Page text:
# 3D Printed Piston | Lower mass = Power

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novaguy
What is said there is about lowering friction force, and vibrations which can all lead to more power. You already mentioned the friction in the OP:
You conveniently left out the conclusion by the NREL study showing piston mass to increase MEP.

"A study by the National Renewable Energy Laboratory (NREL) found that reducing the mass of the pistons in a spark-ignition engine improved the engine's thermal efficiency by up to 3%. This was attributed to the reduction in the reciprocating inertia of the pistons, which in turn allowed for a more rapid acceleration of the engine and an improvement in the mean effective pressure."

The study results make sense if you don't overthink it.

Work done at a faster rate equals more power.

Work can be done faster with lighter reciprocating components.

There aren't some magical parasitic forces that increase to counteract all the increased work that becomes available; some of it goes to engine output.
novaguy said:
will this lighter piston result in a small power increase as less work done by reciprocating the piston
There are at least 4 studies that say yes.

@novaguy
A simple statement, without any specified conditions, may appear to be true in one specific case, but that does not make the simple statement unconditionally true in the general case.

The more you cherry-pick to make your original belief seem correct, the more opposition you will receive from others, who must refuse your unconditional general statements.

russ_watters and berkeman
novaguy
The more you cherry-pick to make your original belief seem correct, the more opposition you will receive from others, who must refuse your unconditional general statements.
I don't think I cherry picked anything. So far, there is mostly conjecture on whether or not reciprocating inertia increases power. Just people stating off the top of their heads what they think.

What I've found though various studies and my own data is that lower piston mass does increase power. Whether through reduced friction due to mass, lower bearing loads, and or less reciprocating inertia.

I used basic dynamics equations to compare identical engines with 2 different piston masses, posted earlier. There is a clear increase in the rate that torque is generated due to lower reciprocating inertia. It allows the work to be done faster by the combustion gas expansion. The energy is produced faster and given back to the rotating components faster.

I figured it would be easy for someone to confirm or refute these claims with a few equations. I understand not everyone wants to take their time to explain it

Where the work is done for only part of the cycle, are you referring to only the part of the cycle where work is being done, the work per full cycle, or the work done over a full working day.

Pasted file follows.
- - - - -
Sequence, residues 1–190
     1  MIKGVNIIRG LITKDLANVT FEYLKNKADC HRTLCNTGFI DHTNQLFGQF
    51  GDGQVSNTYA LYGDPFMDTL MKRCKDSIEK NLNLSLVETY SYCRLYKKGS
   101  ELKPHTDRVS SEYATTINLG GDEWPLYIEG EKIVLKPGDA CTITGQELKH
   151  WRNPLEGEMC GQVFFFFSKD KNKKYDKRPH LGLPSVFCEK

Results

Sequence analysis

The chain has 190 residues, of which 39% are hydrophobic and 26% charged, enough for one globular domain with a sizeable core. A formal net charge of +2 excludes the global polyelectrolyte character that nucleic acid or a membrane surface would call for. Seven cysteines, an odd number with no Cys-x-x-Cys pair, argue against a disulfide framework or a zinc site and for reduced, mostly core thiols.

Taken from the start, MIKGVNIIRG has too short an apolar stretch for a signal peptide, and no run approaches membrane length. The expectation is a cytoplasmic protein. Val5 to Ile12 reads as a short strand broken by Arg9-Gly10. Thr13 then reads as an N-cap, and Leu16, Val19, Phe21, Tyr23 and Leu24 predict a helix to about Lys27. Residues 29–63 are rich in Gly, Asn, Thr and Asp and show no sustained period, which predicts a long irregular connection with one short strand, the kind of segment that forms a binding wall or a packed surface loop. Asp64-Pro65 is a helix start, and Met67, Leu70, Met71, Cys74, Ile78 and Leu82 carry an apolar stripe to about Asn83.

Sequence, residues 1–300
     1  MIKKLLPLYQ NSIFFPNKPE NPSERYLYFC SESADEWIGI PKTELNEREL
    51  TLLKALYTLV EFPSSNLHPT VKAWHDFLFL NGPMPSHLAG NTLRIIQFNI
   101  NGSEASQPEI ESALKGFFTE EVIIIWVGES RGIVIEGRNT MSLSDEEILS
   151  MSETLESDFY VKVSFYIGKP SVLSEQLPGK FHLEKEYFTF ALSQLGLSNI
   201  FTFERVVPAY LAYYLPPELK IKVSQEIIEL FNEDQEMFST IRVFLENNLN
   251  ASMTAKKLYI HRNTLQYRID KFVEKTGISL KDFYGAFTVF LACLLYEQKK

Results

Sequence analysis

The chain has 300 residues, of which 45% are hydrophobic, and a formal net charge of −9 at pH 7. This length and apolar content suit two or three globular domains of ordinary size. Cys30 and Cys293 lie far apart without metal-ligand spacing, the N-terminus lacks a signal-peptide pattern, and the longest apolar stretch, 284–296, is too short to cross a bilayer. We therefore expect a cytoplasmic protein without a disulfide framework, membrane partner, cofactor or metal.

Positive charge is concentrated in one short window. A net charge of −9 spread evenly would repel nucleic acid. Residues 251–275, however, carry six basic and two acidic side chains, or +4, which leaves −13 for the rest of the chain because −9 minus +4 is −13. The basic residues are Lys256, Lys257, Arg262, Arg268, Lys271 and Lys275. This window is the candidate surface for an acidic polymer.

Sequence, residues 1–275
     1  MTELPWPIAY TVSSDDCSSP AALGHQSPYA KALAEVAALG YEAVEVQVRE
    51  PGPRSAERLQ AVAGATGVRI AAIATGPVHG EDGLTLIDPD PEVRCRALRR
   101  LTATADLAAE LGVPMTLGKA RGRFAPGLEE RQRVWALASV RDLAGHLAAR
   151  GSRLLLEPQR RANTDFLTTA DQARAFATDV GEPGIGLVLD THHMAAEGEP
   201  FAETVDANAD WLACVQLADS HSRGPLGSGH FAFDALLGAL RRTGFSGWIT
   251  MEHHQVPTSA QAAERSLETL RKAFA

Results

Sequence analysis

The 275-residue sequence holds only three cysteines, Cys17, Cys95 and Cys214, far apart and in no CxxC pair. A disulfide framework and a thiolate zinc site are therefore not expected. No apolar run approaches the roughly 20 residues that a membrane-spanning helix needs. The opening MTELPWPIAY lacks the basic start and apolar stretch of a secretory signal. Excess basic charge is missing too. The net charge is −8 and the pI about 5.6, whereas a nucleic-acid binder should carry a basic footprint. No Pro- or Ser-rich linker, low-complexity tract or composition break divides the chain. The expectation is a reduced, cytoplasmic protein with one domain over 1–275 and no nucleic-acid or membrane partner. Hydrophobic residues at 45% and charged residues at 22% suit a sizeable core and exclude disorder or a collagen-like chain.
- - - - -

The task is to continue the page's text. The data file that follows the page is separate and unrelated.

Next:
Work done at a faster rate equals more power.

Work can be done faster with lighter reciprocating components.
Under what conditions do you believe those general statements to be true?

Piston failure must be avoided, because it destroys the investment in the engine. Lighter pistons tend to be more fragile and less durable. It only takes one unusual situation to destroy a poorly designed piston. Before designing and prototyping a piston, you need to examine a collection of failed pistons, then examine your new design in the light of all the failure modes that may be encountered in normal operation.

Piston engines are an old technology.
There are more economic solutions that deserve more urgent attention.

Gold Member
"A study by the National Renewable Energy Laboratory (NREL) found that reducing the mass of the pistons in a spark-ignition engine improved the engine's thermal efficiency by up to 3%. This was attributed to the reduction in the reciprocating inertia of the pistons, which in turn allowed for a more rapid acceleration of the engine and an improvement in the mean effective pressure."
You do understand that these words were assembled together by a Chatbot that surely hasn't reviewed a study (if it exists) and then share its conclusions with you?

You should find that study because nobody will argue with a Chatbot.

For my part, I think you have enough comments - from so many people - that have answered your question all the same way. On eng-tips.com you do seem to have a friend with SwinnyGG, but in the end, he's saying what I already told you:

Reducing mass may reduce the normal forces between the components, leading to fewer friction losses. That is the only way you can explore the higher efficiency of your engine.

russ_watters and berkeman
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